Truths You Can Use

Truths You Can Use

Bio

Evan Moffic, @chicagorabbi, is Rabbi of the historic Congregation Solel in Highland Park, Illinois. He was named to that post at age 30, becoming one of the youngest senior rabbis in the Reform movement. In addition to writing for Beliefnet, Rabbi Moffic writes a weekly note of inspiration for subscribers to his blog. He teaches several ongoing classes at the synagogue and in the community at Common Ground-Chicago. His writings have also appeared in the Forward, the New York Jewish Week, and several of the most widely-read blogs in the country. They include subjects of interfaith weddings, Jewish values, Reform Judaism and the intersection of science and religion.

Rabbi Moffic was ordained by the seminary of Reform Judaism, the Hebrew Union College in Cincinnati, in 2006. He graduated with high honors from Stanford University in 2000, where he wrote a thesis on Supreme Court Justice Louis Brandeis. An avid runner and tennis player, Rabbi Moffic is married to Rabbi Arielle Moffic, the director of Interfaithfamily/Chicago. They are the parents of two young children.

He believes that his philosophy of the life was captured best by Ralph Waldo Emerson: “To laugh often and much; To win the respect of intelligent people and the affection of children; To earn the appreciation of honest critics and endure the betrayal of false friends; To appreciate beauty, to find the best in others; To leave the world a bit better, whether by a healthy child, a garden patch, or a redeemed social condition; To know even one life has breathed easier because you have lived. This is to have succeeded.”

It’s the End of the World as We Know It, and I Want To Be a Blessing

Today we reach the last day of the ancient Mayan calendar. This fact has prompted to predict the end of the world. These types of predictions are nothing new to people of faith. While we may not agree with them, […]

How To End Gun Violence: A Lesson from Jewish History

The horrific school shooting in Connecticut has reignited a debate on gun control. Judaism does not have a particular policy prescription or political view. What we do have is an insightful story of cultural transformation. Sword Fights on the Sabbath […]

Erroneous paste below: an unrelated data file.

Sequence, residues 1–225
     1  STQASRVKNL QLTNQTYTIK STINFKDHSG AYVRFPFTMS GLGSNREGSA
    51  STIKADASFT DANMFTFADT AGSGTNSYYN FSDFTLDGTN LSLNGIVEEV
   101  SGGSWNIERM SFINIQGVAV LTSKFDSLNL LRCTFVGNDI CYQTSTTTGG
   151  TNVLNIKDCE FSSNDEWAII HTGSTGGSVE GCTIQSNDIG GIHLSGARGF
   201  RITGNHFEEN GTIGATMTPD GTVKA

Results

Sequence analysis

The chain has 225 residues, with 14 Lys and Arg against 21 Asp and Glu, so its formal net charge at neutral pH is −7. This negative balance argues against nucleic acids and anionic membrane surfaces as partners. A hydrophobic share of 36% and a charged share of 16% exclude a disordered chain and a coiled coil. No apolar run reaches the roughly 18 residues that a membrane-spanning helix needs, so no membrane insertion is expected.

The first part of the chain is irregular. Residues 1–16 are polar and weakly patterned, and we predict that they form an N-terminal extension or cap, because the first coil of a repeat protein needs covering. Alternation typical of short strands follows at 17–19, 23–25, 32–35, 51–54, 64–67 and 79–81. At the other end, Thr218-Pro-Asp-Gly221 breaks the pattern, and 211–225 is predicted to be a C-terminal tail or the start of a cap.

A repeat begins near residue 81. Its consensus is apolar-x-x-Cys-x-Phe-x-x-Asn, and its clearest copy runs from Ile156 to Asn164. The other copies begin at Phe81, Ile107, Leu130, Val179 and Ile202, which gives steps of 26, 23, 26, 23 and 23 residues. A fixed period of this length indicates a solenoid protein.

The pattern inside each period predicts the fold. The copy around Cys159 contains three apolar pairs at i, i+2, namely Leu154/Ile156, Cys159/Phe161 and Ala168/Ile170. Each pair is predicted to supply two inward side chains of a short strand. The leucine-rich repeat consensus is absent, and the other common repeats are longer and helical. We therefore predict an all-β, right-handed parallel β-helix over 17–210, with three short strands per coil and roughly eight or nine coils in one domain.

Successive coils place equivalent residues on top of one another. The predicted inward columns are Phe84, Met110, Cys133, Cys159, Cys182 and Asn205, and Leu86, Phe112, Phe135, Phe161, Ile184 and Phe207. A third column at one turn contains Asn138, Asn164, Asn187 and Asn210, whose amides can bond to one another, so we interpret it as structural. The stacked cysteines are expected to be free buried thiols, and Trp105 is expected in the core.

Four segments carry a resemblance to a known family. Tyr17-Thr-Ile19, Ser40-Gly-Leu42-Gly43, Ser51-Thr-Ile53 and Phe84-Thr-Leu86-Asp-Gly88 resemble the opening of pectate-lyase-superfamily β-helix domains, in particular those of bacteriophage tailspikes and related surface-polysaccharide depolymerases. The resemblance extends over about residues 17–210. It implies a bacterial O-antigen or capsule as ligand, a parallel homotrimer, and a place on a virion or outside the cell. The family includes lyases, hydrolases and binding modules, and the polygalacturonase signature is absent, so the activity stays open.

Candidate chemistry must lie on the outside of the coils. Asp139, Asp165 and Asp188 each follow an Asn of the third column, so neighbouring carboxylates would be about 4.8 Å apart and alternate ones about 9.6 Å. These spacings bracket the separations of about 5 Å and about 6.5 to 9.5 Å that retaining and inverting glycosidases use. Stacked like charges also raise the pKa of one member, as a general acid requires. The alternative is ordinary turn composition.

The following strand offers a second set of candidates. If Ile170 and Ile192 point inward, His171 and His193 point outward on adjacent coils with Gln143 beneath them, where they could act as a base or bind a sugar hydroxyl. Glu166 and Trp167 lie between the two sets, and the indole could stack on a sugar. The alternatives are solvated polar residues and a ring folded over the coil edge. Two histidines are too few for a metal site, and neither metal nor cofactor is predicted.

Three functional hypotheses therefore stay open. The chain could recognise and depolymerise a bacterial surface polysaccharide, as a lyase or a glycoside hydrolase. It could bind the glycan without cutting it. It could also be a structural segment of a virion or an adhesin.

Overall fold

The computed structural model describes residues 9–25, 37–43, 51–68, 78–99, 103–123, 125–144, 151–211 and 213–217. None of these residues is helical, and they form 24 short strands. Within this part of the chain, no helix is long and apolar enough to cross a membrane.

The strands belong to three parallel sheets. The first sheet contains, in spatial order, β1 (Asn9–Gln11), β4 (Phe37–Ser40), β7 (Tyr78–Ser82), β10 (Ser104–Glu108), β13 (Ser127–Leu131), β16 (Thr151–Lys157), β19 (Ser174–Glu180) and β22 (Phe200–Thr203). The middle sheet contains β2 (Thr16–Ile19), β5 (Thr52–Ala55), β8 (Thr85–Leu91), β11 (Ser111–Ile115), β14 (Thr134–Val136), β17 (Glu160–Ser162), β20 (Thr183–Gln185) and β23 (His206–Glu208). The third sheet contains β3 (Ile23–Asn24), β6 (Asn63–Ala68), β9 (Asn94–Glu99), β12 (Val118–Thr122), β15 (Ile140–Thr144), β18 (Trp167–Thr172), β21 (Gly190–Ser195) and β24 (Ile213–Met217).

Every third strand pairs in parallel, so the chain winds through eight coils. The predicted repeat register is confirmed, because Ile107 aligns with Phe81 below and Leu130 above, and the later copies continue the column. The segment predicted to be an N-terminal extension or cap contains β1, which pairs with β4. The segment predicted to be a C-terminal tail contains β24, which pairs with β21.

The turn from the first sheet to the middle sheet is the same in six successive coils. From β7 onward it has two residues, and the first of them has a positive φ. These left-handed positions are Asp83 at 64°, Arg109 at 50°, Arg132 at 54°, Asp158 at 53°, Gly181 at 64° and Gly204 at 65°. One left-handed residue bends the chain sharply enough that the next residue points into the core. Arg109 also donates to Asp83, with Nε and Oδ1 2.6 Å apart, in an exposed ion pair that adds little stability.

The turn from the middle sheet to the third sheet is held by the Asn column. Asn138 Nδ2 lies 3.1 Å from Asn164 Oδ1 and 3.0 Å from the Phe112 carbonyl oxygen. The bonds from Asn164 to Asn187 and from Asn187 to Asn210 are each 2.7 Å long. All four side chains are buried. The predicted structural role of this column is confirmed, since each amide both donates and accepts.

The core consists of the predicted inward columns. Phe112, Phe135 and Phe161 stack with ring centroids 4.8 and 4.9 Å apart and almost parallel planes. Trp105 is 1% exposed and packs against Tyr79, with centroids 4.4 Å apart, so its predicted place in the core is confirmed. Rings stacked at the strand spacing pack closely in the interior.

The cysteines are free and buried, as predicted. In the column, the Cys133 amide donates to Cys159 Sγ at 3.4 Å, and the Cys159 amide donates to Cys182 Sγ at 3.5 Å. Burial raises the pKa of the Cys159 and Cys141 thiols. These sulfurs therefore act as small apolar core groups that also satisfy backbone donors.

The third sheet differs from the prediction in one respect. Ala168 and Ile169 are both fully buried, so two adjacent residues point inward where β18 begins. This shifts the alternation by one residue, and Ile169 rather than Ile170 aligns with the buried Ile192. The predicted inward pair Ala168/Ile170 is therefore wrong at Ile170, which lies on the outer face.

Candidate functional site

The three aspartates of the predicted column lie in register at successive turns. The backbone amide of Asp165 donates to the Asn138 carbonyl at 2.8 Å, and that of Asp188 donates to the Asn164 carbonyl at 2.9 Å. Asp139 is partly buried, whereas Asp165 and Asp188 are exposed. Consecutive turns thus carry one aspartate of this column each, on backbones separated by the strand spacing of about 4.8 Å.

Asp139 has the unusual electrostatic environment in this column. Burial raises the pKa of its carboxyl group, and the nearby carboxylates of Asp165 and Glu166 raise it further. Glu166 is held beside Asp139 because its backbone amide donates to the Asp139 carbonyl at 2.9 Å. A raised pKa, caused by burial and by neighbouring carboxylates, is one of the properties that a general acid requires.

Is It OK To Tell Your Children They Are Safe?

The Bible’s most oft-repeated words are “Do not fear.” Yet, in the wake of the horror in Connecticut, how can we not? Five-and six-year old children were brutally murdered in what most thought was a safe and innocent place. Is […]

God’s Tears Are Our Own: How To Respond to the Horror of the School Shooting in Connecticut

Franz Kafka tells the story of a little girl who was late arriving home one day. Her mother asked her where she was. The girl said that she saw her friend Ruthie on her way home, and Ruthie’s doll had […]

Previous Posts

God Never Gives Up Hope: A Prayer for Israel
 I remember my first visit to Israel in 1994. The Oslo Accords had just been signed. Hope reigned. My group was greeted warmly in the Arab market in Jerusalem. The opposite feelings prevail today. We witness bombings, indiscriminate hatred, vitriol. Dozens of my friends who are there now share w

posted 10:19:40pm Jul. 13, 2014 | read full post »

The Secret to Happiness? Let Life Surprise You
I remember sitting one day with my  three-year-old daughter. She had a book in her and was turning the pages and telling the story. This was her regular habit. She could not yet read the words, but she could tell the story based on the pictures. I had one ear listening to her voice and the ot

posted 4:23:22pm Jul. 09, 2014 | read full post »

Do Christians Need to Learn More About Judaism? A Rabbi Responds to the Pope
In the 1970s Alex Haley wrote the best-seller Roots. He sought to find the roots of his life as an African-American. Where did he come from? What experiences shaped who he was?   We all ask these questions. We seek not only geographic roots and ethnic roots. We look for spiritual roots. Where

posted 9:50:26pm Jul. 06, 2014 | read full post »

Why Do Jews Care So Much About Israel?
Last year I attended the Irish Fest in my hometown of Milwaukee, Wisconsin. The music and ambience make it one of most unforgettable days of the year. Listening to a concert, I struck up a conversation with someone standing next to me. I told him I was a rabbi, and once we got past the usual

posted 1:40:08pm Jun. 22, 2014 | read full post »

In the Wake of the Kansas City Horror: The Life-Saving Power of Interfaith Conversation
This post was written with my friend and colleague, Reverend Lillian Daniel.  The late great Abraham Joshua Heschel was once asked why he devoted so much time to interfaith dialogue. He answering by recounting part of his family history. “When the Nazis came for my parents,” he wrote,

posted 1:56:25pm Apr. 16, 2014 | read full post »


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